Surf's up dude! Huge waves will continue to pound the Southern California beaches through the last unofficial weekend of summer.
A storm thousands of miles away, near New Zealand, started the chain of waves moving towards California last week, like a big plunger in a giant bathtub.
Areas hit by the swell will have waves between 7 and 9 feet high, with occasional sets to 11 feet on exposed southwest-facing beaches, through the weekend, a National Weather Service report said. The big waves are good news for surfers.
"This swell event will be one of the largest surf episodes during the Summer of 2011," Surfline.com President Sean Collins wrote.
"This same swell passed through Tahiti on Saturday during a world tour surfing competition," Collins said, "and generated waves near 40 feet that also damaged coastline structures in Tahiti."
The waves in California will be much smaller than the waves in Tahiti, but it's still bad news for the average beach bum.
"This is a very dangerous situation for [people] who may find themselves suddenly caught by these large waves on rocks, jetties or in deeper water," Collins wrote.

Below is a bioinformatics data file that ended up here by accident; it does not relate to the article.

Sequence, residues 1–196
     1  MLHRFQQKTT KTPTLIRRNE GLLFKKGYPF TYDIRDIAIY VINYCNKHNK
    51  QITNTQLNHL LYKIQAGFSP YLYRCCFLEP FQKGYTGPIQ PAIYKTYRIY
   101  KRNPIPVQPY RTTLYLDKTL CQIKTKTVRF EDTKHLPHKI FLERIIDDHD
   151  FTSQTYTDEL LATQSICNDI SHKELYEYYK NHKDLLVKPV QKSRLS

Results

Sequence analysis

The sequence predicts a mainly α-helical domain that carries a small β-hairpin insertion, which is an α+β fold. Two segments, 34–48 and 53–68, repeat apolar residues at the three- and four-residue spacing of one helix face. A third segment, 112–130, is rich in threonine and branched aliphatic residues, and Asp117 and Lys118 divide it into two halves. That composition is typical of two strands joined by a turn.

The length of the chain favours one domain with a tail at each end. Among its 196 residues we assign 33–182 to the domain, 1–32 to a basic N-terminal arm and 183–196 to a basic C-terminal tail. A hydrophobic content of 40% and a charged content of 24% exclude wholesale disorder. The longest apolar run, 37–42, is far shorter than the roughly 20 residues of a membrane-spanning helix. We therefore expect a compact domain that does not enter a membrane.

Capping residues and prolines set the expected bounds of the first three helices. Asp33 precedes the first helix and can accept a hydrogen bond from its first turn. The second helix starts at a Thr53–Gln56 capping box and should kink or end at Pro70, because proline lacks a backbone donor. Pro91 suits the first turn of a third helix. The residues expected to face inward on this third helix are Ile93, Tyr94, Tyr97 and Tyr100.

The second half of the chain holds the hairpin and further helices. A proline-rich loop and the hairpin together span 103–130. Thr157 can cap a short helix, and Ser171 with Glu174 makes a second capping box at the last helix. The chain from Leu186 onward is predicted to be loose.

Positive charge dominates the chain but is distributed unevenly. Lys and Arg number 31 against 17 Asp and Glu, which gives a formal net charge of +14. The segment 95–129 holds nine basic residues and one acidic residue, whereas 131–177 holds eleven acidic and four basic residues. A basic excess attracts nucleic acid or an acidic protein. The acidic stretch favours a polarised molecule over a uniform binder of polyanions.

Mild weather and passing showers will greet concert goers this weekend as artists take the stage at BBC Radio 1 Big Weekend Festival and Sound City.
A slow-moving storm system will continue to bring heavy rain and thunderstorms to parts of Italy and the Balkan Peninsula into this weekend.
It might feel more like late October rather than late May in the Northeast on Friday night as temperatures dip well below normal.
Memorial Day marks the unofficial start to summer, but the summer warmth set to dominate the Northeast next week will not be here to stay.
Another round of downpours and thunderstorms will bring a renewed threat for flooding from Kansas to Texas over the Memorial Day Weekend.
Lewistown, ME (1911)
101 degrees -- hottest ever in New England during May.
Liberal, KS (1933)
A powerful F4 tornado (winds 207-260 mph) hidden in a dust storm devastates the business district. 4 people were killed and 150 were injured. Tornado estimated to be 600 yards wide at times.
Sichuan Province China (1986)
More than 35,000 homes and 7,700 acres of crops were destroyed by a devastating hailstorm. Reports indicated that 100 people were killed and 9,000 injured. (Reports vary as to the exact date of the hailstorm.)